Dienhart: New Year's Day is Judgment Day for Big Ten

Dienhart: New Year's Day is Judgment Day for Big Ten

So, the postseason hasn’t gotten off to a stellar start for the Big Ten. The league is 0-2, as Minnesota lost to Syracuse in the Texas Bowl and Michigan got drubbed by Kansas State in the Buffalo Wild Wings Bowl. But all is not lost. The Big Ten has five bowls left, offering plenty of opportunity for redemption and image rehabilitation.

Tomorrow, the Big Ten plays four bowls games. (Ohio State will play Clemson in the Orange Bowl on Friday.) The big one is the Rose Bowl, where Michigan State will take on Stanford in the 100th “Granddaddy of them All.”

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Obviously, it would be great for the Big Ten if the Spartans can win. The Big Ten needs it. Pasadena hasn’t been kind to Jim Delany’s league  in recent years. The conference has won one Rose Bowl since Wisconsin downed Stanford after the 1999 season. That was when Ohio State topped Oregon in the Rose Bowl after the 2009 season.

Purdue lost to Washington in the Rose Bowl after the 2000 season; Michigan lost to USC after 2003; Michigan lost to Texas after 2004; Michigan lost USC after 2006; Illinois lost to USC after 2007; Penn State lost to USC after 2008; Wisconsin lost to TCU, Oregon and Stanford after the last three seasons.

Kirby Lee-USA TODAY Sports

Kirby Lee-USA TODAY Sports

So, that’s a 1-9 mark in the last 10 Rose Bowls for the Big Ten. This is really a stunning stat. To win just one time in the last 10 trips to Pasadena, the league’s anchor bowl, since the 1999 season is stunning. And sad.

But the Big Ten will be judged the most by what it does in three games vs. the SEC on New Year’s Day: Wisconsin vs. South Carolina in the Capital One Bowl; Nebraska vs. Georgia in the Gator; Iowa vs. LSU in the Outback.

The two leagues constantly are compared, and rightly so. They are the two biggest, most powerful conferences in the nation. They are the Coke and Pepsi of college football.

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Each league features monster schools, steeped in tradition with massive fan bases and budgets. They are the envy of every league. But the Big Ten hasn’t played like a behemoth in recent years, while the SEC has been a 10,000-pound gorilla.

All together now: The SEC has won the last seven BCS national championships. The Big Ten? It has won one since the 1997 season, with Ohio State taking it all in 2002 after its monumental upset of Miami (Fla.) in the Fiesta Bowl. Michigan shared the title in 1997. Before that, you have to go back to 1968 to find the Big Ten’s last “major” national title, won by Ohio State.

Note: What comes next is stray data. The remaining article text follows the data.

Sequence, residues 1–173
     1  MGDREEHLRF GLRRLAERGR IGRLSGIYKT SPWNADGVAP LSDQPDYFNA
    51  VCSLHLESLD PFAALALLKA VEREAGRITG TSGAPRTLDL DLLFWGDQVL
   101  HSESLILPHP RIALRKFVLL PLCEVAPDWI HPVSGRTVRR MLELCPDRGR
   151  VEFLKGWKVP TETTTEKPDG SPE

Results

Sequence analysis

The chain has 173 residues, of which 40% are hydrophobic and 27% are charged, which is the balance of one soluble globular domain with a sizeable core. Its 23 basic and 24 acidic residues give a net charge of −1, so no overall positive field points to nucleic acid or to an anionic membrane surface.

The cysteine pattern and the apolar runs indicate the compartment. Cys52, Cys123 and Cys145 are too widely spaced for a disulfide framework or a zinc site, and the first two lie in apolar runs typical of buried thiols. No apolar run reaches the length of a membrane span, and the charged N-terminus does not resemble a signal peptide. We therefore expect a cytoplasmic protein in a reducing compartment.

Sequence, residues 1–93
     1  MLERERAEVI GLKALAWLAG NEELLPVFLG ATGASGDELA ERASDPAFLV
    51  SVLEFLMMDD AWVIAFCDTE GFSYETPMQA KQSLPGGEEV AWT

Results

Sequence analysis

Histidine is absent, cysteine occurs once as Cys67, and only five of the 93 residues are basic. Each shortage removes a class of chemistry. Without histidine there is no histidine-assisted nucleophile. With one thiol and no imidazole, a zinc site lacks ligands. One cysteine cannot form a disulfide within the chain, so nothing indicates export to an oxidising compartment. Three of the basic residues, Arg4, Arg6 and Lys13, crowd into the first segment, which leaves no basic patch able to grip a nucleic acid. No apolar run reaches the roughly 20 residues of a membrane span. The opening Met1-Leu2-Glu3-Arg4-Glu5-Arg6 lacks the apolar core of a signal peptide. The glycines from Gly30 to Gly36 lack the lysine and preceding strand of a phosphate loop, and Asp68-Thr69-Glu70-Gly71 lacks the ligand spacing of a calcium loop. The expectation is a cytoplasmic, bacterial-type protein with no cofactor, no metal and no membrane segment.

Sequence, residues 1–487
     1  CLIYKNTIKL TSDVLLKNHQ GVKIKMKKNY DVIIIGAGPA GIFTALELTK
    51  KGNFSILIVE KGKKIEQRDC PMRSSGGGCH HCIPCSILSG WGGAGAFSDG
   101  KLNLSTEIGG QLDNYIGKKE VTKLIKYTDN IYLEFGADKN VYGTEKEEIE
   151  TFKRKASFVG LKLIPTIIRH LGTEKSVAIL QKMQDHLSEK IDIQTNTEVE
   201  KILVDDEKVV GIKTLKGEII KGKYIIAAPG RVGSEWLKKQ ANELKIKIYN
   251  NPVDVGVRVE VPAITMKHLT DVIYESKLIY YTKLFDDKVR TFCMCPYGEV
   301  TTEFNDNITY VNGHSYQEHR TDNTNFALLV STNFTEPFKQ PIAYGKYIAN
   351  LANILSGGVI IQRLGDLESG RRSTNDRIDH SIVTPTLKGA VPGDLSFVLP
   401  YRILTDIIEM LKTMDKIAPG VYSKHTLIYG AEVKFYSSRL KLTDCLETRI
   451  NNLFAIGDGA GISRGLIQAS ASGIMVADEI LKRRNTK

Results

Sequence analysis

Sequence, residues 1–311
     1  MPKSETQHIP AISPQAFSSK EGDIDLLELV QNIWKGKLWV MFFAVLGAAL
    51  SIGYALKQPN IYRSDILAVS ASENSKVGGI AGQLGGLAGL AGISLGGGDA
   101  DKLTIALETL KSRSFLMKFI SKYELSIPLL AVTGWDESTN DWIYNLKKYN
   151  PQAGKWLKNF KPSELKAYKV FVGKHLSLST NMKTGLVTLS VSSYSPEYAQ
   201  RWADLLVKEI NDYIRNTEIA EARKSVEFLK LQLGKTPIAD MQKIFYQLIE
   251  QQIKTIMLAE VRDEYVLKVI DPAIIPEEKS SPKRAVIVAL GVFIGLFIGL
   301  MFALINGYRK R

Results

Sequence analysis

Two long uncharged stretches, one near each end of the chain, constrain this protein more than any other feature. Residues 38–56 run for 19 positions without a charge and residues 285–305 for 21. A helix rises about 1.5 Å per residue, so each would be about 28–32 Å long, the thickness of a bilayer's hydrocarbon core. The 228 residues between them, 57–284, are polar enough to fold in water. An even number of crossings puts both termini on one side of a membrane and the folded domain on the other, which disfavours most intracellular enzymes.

And when the teams have met in the postseason of late, the result often has favored the SEC. Here is a look at the Big Ten’s recent record vs. the SEC in bowls since the 2005 season. Over that span, the Big Ten is 8-13 vs. the SEC.

2012 season: 1-2 (Northwestern beat Mississippi State in Gator; Michigan lost to South Carolina in Outback; Nebraska lost to Georgia in Capital One.)

2011 season: 1-2 (Ohio State lost to Florida in the Gator; Michigan State beat Georgia in the Outback; Nebraska lost to South Carolina in the Capital One.)

2010 season: 0-3 (Michigan State lost to Alabama in the Capital One; Penn State lost to Florida in the Outback; Michigan lost to Mississippi State in the Gator.)

2009 season: 1-1 (Northwestern lost to Auburn in the Outback; Penn State beat LSU in the Capital One.)

2008 season: 1-1 (Iowa beat South Carolina in the Outback; Michigan State lost to Georgia in the Capital One.)

2007: 1-2 (Ohio State to LSU in BCS title game; Wisconsin lost to Tennessee in the Outback Bowl; Michigan beat Florida in the Capital One.)

2006: 2-1 (Penn State beat Tennessee in the Outback; Wisconsin beat Arkansas in the Capital One; Ohio State lost to Florida in the BCS title game.)

2005: 1-1 (Wisconsin beat Auburn in the Capital One; Iowa lost to Florida in the Outback.

So, like it or not, the nation will make a storyline of the Big Ten-SEC battles on New Year’s Day—and rightly so. The postseason is the best chance for us to compare conferences. The SEC has become the measuring stick of college football. And, as you can see from the aforementioned data, the Big Ten hasn’t come close to measuring up.

If the Big Ten stumbles and goes, say, 1-2 or 0-3, you can bet the critics will howl and the jokes will fly. If the Big Ten can go 2-1 or better, America will have to take heed.

What do I think will happen on Wednesday? I think the Big Ten likely will go 1-2, with Wisconsin winning and Iowa and Nebraska losing. But, we shall see.

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America will be watching. And judging.

Yes, the Big Ten isn’t guaranteed a spot in the Rose Bowl every season since the advent of the BCS in 1998, but I was surprised the Golden Gophers fell to Syracuse. That was a 6-6 Orange squad that had to score last-minute touchdown to beat Boston College in the finale just to be bowl eligible. This was an 8-4 Minnesota club that notched its most victories since 2003.

About Tom Dienhart BTN.com senior writer Tom Dienhart is a veteran sports journalist who covers Big Ten football and men’s basketball for BTN.com and BTN TV. Find him on Twitter and Facebook, read all of his work at btn.com/tomdienhart, and subscribe to his posts via RSS. Also, send questions to his weekly mailbag using the form below and read all of his previous answers in his reader mailbag section.

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